The price of gold in 1970 was about $39/ounce. Today it is about $1300. It has gone up about 33 times higher.
The Dow Jones stock average in 1970 was about 800. Now it is around 22,000, or about 28 times higher.
The median price of a home in Malibu in 1970 (representing predominantly beach homes that existed then) was about $46,000. This year, the median is hovering around $3.6 million. It has increased almost 80 times higher.
Of course, the comparison is partly deceptive. After all, real estate is an investment usually made with considerable leverage, as opposed to gold or stocks. In 1970, the typical house was bought with 20 percent down payment. So only about $9,000 of cash was necessary to make the Malibu real estate investment. The return is about 400 times higher, actually, with the $9,000 now growing to a few million.
Which would you rather have, an investment that grows 33 times, or 28 times, or 400 times?
If the same money had been invested in a seven percent interest-bearing instrument, it would now be 24 times higher.
Malibu real estate has been an extraordinary investment over time—superior to almost any longterm opportunity that has existed in the world. To make the case even further, the homes that were measured in 1970 were half beach homes, while now the tally is much more diluted by landside homes that weigh down the median to the $3.6 million level. Beach homes alone have a median of about $8 million, so a handful of people in Malibu have seen their $9,000 investment on the beach in 1970 grow about 1,000 times higher.
It may be easy to claim that all real estate in California has had such returns, but that is not true. Malibu is a special case. Literally, Malibu has grown exponentially better than the typical location this past half century.
The adjacent chart makes the point. The chart shows how the median price in Malibu has risen compared to the rest of the state. In 1970, Malibu had a median price of $46,000 while the entire state, including every type of residential real estate, was $25,000. Malibu was only 1.8 times higher.
At this writing, the California median is floating near$550,000, while Malibu, which has seen a healthy dose of about 160 sales through two-thirds of the year, is at a median price of nearly $3.6 million. (The median price is the special spot where half the homes sell for more and half sell for less.)
Malibu was once less than twice as high as the rest of the state. Now it is approaching seven times higher. The key takeaway is that Malibu values grow exponentially compared to other real estate.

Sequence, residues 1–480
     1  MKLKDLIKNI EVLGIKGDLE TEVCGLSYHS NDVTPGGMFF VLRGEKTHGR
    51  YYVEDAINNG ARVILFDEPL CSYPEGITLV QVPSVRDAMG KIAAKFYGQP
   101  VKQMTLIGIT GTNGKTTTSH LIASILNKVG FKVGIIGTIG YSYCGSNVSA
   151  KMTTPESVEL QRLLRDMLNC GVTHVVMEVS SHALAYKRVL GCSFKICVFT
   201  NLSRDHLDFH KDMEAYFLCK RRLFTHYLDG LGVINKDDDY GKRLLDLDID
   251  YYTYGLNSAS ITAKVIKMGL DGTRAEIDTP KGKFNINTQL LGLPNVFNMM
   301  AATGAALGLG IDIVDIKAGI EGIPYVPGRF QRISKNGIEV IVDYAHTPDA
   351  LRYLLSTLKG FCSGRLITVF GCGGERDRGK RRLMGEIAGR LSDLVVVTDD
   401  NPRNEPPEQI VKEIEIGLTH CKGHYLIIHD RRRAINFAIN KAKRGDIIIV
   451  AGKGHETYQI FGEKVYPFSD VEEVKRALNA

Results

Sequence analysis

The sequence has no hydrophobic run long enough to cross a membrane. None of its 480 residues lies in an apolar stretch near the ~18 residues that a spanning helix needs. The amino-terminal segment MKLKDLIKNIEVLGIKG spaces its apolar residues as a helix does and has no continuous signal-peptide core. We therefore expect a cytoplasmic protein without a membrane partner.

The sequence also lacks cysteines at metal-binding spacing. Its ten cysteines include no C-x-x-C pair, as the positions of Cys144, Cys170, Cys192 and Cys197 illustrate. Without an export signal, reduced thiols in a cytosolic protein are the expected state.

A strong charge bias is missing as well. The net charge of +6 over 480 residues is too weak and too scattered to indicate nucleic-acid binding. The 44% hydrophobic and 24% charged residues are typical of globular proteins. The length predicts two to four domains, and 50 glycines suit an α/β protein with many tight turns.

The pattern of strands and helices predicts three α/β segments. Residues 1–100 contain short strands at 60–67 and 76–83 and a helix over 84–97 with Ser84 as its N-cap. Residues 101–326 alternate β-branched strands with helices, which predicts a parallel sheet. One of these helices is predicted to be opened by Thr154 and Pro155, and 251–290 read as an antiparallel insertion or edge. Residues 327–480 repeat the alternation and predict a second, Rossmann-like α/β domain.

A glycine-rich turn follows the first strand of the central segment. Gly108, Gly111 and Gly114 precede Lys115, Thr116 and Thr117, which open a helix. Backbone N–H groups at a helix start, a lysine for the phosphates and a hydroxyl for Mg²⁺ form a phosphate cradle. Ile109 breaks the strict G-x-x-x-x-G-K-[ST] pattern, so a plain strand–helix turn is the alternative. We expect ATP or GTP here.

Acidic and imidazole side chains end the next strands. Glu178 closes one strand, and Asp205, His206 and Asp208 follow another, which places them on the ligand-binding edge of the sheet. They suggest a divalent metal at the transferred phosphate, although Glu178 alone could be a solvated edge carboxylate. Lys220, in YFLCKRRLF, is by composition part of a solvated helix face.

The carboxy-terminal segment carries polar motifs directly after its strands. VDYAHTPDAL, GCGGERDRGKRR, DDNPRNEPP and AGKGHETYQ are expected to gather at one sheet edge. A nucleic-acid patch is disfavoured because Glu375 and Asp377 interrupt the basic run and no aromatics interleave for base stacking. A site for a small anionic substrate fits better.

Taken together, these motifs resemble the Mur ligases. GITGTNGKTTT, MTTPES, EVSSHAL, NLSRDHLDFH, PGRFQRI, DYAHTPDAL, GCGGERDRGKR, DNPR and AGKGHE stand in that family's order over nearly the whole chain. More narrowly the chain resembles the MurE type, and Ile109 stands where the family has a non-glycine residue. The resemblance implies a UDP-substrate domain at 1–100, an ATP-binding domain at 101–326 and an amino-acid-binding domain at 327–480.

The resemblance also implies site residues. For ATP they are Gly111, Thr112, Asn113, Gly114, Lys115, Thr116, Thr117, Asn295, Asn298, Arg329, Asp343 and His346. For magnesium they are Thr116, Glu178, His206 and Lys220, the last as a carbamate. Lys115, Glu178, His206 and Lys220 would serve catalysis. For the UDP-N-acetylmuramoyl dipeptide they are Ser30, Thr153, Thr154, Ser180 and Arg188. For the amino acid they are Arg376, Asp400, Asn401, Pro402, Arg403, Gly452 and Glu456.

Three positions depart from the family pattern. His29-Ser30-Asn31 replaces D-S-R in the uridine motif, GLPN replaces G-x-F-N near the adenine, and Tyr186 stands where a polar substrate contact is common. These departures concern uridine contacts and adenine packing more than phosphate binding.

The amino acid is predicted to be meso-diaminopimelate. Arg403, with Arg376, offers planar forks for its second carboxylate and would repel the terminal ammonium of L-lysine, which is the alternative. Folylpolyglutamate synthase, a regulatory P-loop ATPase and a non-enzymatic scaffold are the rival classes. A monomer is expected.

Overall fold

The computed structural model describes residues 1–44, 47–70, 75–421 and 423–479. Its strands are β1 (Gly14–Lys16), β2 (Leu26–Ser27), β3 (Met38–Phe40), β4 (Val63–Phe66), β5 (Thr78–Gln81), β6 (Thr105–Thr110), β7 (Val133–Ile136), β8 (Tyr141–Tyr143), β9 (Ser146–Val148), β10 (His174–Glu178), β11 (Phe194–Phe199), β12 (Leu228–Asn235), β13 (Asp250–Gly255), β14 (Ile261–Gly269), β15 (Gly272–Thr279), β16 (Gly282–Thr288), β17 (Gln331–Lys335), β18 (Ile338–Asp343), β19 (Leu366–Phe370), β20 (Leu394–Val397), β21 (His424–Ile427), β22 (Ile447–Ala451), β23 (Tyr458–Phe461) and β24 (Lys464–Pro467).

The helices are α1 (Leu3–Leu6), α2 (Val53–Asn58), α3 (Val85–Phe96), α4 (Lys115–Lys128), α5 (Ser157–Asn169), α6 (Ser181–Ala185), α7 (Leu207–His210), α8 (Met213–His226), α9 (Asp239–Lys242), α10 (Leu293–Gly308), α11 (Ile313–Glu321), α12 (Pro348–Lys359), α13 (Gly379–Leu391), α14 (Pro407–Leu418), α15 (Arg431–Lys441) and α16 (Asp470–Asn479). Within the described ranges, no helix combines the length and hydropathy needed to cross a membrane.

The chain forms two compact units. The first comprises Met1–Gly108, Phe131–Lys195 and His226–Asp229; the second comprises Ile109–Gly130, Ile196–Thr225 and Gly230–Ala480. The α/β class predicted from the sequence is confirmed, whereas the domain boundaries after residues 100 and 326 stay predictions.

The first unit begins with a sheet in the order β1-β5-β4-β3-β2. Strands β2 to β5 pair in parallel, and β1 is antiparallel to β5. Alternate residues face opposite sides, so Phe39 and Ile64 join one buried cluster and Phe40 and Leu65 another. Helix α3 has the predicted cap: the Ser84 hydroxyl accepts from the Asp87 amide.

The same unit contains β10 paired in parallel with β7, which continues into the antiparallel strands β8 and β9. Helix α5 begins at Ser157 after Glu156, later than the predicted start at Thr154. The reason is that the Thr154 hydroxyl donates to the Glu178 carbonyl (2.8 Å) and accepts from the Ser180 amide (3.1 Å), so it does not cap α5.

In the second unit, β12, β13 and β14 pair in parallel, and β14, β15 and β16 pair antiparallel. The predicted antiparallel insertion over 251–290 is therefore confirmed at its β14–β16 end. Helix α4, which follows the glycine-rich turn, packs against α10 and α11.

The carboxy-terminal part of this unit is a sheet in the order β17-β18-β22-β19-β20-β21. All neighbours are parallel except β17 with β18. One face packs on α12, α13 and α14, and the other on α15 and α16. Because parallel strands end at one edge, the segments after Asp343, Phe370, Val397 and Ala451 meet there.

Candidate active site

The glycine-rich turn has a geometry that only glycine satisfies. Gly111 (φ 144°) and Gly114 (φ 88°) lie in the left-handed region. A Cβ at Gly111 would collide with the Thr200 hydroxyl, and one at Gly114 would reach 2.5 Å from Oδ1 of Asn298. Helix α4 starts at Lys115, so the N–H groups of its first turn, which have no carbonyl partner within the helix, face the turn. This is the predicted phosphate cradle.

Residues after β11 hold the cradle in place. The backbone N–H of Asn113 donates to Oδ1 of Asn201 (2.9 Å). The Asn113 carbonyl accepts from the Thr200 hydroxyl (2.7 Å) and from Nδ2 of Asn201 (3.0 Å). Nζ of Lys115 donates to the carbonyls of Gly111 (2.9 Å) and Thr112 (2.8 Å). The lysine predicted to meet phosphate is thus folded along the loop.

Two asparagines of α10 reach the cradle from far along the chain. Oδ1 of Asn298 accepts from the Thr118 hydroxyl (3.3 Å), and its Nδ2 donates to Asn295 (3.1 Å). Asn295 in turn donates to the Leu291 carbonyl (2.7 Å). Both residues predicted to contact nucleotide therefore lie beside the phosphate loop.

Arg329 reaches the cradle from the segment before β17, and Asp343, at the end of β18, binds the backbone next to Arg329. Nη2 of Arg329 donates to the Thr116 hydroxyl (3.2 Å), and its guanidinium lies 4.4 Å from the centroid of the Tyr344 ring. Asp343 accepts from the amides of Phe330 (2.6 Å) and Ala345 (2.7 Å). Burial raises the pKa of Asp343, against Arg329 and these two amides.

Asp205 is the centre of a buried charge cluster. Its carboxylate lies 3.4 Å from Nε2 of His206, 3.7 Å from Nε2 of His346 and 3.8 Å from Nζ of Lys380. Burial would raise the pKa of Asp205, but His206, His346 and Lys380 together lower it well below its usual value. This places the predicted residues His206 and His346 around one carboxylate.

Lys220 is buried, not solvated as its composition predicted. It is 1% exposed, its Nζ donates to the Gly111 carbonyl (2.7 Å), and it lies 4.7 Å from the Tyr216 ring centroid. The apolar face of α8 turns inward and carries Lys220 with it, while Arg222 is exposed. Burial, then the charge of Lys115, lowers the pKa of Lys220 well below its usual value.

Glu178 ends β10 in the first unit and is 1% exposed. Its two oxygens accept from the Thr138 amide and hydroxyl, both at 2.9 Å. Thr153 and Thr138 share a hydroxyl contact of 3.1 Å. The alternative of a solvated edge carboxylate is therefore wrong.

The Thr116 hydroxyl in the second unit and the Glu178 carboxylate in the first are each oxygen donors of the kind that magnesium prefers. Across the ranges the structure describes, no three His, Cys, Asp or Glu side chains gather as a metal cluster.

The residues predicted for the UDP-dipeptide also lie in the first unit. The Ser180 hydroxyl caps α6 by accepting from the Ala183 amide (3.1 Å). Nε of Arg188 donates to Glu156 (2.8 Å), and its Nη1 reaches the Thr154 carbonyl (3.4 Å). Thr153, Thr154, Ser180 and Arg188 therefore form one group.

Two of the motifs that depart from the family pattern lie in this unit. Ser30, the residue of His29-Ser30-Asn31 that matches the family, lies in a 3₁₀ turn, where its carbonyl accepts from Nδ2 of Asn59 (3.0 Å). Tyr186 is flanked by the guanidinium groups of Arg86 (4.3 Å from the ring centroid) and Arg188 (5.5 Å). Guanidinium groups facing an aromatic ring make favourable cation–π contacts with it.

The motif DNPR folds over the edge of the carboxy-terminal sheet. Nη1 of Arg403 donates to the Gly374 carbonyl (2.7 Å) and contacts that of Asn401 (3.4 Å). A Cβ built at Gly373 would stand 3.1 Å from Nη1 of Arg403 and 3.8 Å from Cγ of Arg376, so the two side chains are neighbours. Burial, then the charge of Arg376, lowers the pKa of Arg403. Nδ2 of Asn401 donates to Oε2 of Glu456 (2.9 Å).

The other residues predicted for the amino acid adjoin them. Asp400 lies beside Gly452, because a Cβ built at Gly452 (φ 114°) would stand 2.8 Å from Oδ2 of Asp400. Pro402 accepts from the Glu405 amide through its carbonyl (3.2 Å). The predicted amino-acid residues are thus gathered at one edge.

Three notable items from the chart:
The only anomaly from the progression was during the depression of real estate from 2008-11. Malibu actually fared better than the rest of the state, not dropping quite as precipitously. During 2008, Malibu values were reaching their all-time high while the rest of the state was collapsing. I recall the handwriting on the wall in block letters for many Malibu homeowners trying to sell at the time who ignored the clear forecast. In 2009, Malibu came back to earth quickly, dropping 28 percent in one year.
The only time the rest of the world keeps up with Malibu is during particularly hot markets, such as the late 1970s, the late 1980s and the early 2000s. During those times, when all real estate is skyrocketing, Malibu moves ahead at a slower pace.
Lastly, there is no reason to expect this trend will not continue. At some point, Malibu may hit 10 times the value of the rest of California.
It is obvious that Malibu real estate is extremely expensive. For 99 percent of those that inquire, that is where the story ends. They give up, losing sight of the big picture while their breath is taken away by the prices, and their financial capability defeated. For the one percent that make the leap, take the risk, make the sacrifice, overcome the inspection report, let alone have the means, the great investment returns eventually arrive.
Why is this the case? As with all investments, the very top of the pyramid points ever higher than the base can expand. As is also the case with fine art, the best of automobiles, and other prized assets, eventually it is not the practicality of owning the possession, it is the collectability factor. There is a reason why the mega-wealthy hoard real estate, in Malibu and other high-end places. Not to live in 10 houses at one time, but simply to own them. The demand for such elite possessions never stops growing. The supply cannot keep up. And thus the exponential result of a built-in free market system is that, quite simply, demand almost permanently outpaces supply.
If you saw a lot of Malibu real estate like local Realtors do, the fine art ingredient would be evident. The best of real estate, whether being in Malibu versus the rest of the state, or even within Malibu itself with its dozen different price points, reveals the fine art that it is. Along our shores, the very most talented people design the homes and outside spaces, as well as decorate the interiors with stunning finishes.
The human soul cannot resist these things. The desire for such beautiful art that is exceptional real estate in a desirable area is matched only by the great cost and sacrifice to obtain it. Sacrifice in the past to create wealth, and sacrifice in the future to maintain it. These sacrifices pay off, in the case of Malibu real estate.
Rick Wallace has been a Realtor in Malibu for 30 years.